'There is a big vision but with the present financial situation we have got, ministers can't deliver'
PROMINENT secondary head teachers have detonated the often-repeated Scottish Executive claim of injecting substantially more money into schools.
With ministers currently devolving the Chancellor's pound;89 million Budget windfall to local authorities, rather than directly to schools, the reality for the majority is still spending below the levels inherited by Labour three years ago, heads insist.
Average-size secondaries are down by up to pound;70,000, a sum equivalent to the salaries of three teachers, pushing up class sizes and limiting curriculum choice.
The shortfall is attributed to continued cuts in core budgets. Excellence Fund injections have made little difference since heads have been unable to deploy them on their own priorities.
Tony Gavin of St Margaret's Academy, Livingston, one of the country's most distinguished head teachers, broke the financial silence ahead of news of an impending pound;40,000 boost to his own budget via Gordon Brown's generosity.
"I am fed up hearing politicians, national and local, saying what they are putting into education because the reality in schools is dire," Mr Gavin told The TES Scotland . "There is a big vision for education but with the present financial system we have got, I do not think they can deliver ."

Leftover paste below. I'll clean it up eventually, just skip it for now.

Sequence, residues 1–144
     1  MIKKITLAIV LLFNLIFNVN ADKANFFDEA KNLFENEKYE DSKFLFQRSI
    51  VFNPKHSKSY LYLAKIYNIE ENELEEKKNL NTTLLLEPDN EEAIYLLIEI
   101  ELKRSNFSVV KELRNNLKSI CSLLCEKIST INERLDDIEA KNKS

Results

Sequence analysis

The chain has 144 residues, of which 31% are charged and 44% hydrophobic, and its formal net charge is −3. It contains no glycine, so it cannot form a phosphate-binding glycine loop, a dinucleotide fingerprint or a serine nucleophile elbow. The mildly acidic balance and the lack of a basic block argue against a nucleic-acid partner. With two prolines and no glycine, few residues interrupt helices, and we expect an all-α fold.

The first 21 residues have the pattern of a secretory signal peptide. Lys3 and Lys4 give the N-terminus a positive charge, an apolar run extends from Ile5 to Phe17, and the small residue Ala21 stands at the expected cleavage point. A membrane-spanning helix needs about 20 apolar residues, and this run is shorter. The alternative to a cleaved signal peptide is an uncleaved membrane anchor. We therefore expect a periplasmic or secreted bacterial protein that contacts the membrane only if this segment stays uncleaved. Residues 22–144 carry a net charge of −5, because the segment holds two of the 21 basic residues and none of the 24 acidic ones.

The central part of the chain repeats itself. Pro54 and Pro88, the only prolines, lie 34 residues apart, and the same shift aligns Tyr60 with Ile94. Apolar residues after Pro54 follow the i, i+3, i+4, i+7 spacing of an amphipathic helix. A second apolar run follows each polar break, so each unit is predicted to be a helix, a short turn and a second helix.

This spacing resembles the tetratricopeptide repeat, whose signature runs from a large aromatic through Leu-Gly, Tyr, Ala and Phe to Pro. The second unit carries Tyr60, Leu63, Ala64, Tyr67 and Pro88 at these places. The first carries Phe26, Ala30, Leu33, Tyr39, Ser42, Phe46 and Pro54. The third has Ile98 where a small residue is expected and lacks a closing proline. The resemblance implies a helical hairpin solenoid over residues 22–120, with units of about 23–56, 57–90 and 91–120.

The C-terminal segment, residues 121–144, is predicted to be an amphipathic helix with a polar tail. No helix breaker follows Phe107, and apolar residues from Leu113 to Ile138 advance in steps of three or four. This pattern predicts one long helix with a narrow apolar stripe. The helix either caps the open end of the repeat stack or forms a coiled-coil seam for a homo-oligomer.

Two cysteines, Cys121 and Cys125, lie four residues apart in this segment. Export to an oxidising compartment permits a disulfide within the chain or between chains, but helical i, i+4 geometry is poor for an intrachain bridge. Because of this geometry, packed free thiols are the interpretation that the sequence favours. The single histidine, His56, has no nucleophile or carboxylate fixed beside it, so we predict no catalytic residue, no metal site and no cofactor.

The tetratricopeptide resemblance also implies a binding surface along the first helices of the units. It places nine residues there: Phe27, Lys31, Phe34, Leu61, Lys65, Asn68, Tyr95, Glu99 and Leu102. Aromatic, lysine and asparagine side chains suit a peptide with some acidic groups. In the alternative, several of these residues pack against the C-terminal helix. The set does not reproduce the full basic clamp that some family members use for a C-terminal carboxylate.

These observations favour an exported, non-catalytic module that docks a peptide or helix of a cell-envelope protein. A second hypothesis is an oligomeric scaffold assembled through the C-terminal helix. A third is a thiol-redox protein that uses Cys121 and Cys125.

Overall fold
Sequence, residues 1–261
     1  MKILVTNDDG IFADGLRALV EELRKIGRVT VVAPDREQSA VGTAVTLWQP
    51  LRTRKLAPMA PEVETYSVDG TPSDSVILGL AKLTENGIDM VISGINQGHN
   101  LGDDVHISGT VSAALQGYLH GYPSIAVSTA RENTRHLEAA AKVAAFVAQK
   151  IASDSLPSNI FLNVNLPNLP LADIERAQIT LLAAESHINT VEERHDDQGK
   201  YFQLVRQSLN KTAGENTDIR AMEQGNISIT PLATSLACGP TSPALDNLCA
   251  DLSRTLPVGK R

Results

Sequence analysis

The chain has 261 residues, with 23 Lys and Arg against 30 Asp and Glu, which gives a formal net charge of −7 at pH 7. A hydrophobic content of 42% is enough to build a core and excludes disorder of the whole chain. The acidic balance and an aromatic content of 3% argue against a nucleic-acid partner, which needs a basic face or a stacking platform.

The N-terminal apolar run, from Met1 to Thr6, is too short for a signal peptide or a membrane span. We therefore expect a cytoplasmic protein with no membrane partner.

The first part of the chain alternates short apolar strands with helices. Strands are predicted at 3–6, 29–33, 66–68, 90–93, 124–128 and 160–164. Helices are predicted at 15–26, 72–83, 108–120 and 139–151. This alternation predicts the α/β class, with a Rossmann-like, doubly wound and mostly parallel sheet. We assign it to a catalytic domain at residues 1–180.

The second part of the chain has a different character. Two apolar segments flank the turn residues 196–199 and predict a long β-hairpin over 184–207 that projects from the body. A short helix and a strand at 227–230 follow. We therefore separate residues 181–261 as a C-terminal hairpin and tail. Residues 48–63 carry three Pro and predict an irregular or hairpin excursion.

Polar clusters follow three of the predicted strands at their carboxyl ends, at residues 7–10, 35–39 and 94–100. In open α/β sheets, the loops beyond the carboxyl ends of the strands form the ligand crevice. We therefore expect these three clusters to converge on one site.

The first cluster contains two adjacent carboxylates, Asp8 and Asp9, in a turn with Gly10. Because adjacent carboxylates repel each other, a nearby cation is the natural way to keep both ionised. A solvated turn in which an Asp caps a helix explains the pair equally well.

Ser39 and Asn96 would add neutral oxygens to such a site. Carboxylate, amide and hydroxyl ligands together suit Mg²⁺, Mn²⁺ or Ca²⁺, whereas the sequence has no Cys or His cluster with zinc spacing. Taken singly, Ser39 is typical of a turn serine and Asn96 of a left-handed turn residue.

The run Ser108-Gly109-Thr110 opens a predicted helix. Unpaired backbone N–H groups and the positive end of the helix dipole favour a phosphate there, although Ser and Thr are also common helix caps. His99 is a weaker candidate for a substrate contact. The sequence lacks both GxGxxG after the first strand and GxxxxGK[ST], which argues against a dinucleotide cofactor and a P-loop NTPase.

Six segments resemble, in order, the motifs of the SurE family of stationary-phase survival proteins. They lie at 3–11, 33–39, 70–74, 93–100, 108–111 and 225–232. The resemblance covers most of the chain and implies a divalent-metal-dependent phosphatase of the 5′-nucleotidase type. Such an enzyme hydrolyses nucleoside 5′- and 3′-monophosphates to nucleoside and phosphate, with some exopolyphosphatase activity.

Last year he was awarded the CBE for services to the improvement of standards in education .
Before this week's news, his budget was down pound;100,000 on 1995 - 96 , a consequence of local government reform and council management of budgets. TheExcellence Fund has brought in pound;23,400 for targeted initiatives, leaving the 1,000-pupil West Lothian secondary pound;70,000 short.
"I have had a serious cut in what I actually manage," Mr Gavin said. "With the attainment and social inclusion agenda, they are making public statements to parents and my community which raises expectations that that there is more money in the system distributed to headteachers. The reality is something quite different and if that applies to me it applies to other schools in the system."
Mr Gavin ha s no control over key aspects such as cleaning, grounds maintenance, water and sewerage, which are run by the local authority. "This is not a budget for attainment or social inclusion but a budget for job preservation," he protested.
His staff development budget is down by 1.6 per cent to just pound;7,147.
Educational supplies are up 6 per cent but "still peanuts".
Mr Gavin said: "We are the third most deprived school in West Lothian, just that the children do not look it. We have got 30 per cent on clothing allowance and 16 - 18 per cent on free lunches."
Moira Niven, West Lothian's head of planning and resources, replied: "Clearly, councils have been under considerable pressure since local government reorganisation and West Lothian is no different. The national increase in spending this year is 3.4 per cent but we have got 2.5 per cent."
The council had to make yearly efficiency savings to pay for increased salaries but had still protected schools' budgets. It, too, had no control over many extra costs, she said.
Brown's bonus, page 7 Leader, page 14